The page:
- Heat-resistant gloves or oven mitts
- A fire extinguisher (optional but recommended)
Once you’ve gathered these items, follow these steps to prepare the fireplace:
- Use the shovel or poker to move the logs around and break the larger pieces into smaller ones. This action will help the fire burn down more quickly and make it easier to extinguish.
- Use the tongs to remove any burning logs that are close to the edge of the fireplace and might fall out.
- Put on heat-resistant gloves or oven mitts to protect your hands from burns.
- Place the metal container close to the fireplace, so you can easily transfer the ashes and embers.
- Check that the damper is open before extinguishing the fire. This action will help to vent the smoke out of the house.
- If you have a fire extinguisher, have it ready in case of an emergency. It’s essential to know how to use a fire extinguisher beforehand.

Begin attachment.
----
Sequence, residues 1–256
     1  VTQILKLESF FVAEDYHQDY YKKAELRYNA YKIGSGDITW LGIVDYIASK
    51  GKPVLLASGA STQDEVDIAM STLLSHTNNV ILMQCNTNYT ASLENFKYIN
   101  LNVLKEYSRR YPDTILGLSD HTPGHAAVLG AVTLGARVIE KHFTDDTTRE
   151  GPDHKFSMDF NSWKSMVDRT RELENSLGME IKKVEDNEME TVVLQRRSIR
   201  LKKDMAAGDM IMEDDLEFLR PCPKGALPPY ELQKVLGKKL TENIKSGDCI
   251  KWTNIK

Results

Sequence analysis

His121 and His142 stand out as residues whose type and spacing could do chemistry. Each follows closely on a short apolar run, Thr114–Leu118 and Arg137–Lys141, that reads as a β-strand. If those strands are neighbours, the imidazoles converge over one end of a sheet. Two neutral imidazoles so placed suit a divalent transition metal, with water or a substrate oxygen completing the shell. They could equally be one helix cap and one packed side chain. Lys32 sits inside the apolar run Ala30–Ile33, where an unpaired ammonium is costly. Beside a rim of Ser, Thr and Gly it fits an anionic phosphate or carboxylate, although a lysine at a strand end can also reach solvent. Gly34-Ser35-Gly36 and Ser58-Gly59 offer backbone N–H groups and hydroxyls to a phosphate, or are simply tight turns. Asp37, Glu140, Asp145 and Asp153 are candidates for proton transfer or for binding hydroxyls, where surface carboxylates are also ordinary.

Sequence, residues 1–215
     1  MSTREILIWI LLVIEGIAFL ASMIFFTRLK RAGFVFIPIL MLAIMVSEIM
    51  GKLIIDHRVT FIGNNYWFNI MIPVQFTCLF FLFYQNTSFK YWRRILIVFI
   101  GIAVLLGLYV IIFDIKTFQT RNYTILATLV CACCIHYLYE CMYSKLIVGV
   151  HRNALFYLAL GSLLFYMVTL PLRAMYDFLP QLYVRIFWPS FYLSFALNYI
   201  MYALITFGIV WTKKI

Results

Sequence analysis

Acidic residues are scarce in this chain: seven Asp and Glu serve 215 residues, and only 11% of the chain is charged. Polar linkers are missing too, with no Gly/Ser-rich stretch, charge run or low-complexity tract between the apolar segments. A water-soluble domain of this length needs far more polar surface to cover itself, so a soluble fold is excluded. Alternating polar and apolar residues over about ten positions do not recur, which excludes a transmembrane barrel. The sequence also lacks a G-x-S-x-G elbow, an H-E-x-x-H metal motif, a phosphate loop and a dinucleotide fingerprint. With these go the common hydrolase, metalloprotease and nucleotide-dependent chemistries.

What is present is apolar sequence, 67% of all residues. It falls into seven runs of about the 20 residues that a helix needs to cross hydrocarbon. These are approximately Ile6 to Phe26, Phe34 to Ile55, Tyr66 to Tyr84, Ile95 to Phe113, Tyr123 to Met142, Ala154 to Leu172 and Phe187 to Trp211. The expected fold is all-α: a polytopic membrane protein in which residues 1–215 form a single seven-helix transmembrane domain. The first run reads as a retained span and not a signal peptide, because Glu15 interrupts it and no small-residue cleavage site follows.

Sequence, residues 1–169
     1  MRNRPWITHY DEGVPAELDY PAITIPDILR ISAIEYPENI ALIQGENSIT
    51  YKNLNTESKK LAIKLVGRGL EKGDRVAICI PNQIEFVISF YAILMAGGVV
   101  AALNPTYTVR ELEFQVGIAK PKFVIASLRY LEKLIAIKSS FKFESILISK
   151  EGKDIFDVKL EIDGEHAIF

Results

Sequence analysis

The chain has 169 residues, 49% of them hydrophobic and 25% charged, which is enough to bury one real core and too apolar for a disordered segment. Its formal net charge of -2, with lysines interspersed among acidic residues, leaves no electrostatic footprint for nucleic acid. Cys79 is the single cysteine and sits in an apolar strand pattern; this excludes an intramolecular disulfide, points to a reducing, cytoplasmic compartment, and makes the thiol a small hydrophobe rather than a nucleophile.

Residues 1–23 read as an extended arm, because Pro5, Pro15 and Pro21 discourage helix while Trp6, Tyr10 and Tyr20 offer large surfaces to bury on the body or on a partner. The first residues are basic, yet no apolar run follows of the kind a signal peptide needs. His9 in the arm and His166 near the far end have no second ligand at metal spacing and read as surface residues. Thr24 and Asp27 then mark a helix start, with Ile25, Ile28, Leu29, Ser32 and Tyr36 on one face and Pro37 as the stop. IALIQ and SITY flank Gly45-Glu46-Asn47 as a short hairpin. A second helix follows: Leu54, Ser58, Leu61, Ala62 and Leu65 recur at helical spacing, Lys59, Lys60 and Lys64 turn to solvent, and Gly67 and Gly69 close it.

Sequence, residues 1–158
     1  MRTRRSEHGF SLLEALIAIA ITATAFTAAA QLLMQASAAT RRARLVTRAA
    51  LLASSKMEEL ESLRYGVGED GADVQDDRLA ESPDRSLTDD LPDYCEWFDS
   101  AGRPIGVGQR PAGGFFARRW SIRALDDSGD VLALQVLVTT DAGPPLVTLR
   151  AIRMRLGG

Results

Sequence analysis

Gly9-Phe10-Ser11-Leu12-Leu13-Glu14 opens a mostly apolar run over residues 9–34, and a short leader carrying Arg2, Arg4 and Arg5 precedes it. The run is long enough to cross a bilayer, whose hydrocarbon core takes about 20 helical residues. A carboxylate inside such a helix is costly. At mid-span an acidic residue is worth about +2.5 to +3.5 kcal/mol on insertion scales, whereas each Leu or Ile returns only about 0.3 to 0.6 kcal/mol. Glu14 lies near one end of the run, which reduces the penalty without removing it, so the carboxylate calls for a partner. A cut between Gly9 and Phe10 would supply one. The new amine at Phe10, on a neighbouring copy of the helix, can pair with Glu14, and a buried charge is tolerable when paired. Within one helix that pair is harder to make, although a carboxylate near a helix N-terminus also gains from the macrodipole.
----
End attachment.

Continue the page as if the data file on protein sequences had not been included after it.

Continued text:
Step 2: Reduce the Flame
Reducing the flame is an essential step in putting out a fire in a fireplace. It helps to decrease the heat generated by the fire and makes it easier to extinguish. Here’s how to do it:
- Use the poker to move the logs around and create a gap between them.
- Use the shovel or tongs to remove any loose ashes or debris around the fire.
- Sprinkle a generous amount of water over the fire to reduce the flames. Some people recommend using baking soda or salt instead of water, but water is the safest option.
- Allow the water to soak into the logs and ashes for a few minutes.
Step 3: Remove the Ashes and Embers